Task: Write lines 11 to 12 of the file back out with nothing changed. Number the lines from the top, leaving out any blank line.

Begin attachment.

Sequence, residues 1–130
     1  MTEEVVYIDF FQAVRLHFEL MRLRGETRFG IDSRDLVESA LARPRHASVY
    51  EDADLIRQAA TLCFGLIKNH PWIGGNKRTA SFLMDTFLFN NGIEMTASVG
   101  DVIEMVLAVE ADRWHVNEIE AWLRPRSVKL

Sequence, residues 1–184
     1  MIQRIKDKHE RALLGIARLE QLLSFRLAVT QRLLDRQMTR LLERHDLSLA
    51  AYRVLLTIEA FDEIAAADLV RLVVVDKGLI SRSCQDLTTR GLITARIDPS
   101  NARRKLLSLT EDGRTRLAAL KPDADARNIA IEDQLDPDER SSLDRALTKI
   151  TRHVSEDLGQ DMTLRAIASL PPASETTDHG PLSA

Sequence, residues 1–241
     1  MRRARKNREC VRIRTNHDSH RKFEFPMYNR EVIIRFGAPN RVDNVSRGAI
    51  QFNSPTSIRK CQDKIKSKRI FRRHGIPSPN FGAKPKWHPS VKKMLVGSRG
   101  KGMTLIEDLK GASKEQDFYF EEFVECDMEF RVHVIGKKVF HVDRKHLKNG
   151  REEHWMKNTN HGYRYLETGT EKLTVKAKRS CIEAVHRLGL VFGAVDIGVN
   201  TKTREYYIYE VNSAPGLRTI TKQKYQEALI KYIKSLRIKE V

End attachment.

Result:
     1  MRRARKNREC VRIRTNHDSH RKFEFPMYNR EVIIRFGAPN RVDNVSRGAI
    51  QFNSPTSIRK CQDKIKSKRI FRRHGIPSPN FGAKPKWHPS VKKMLVGSRG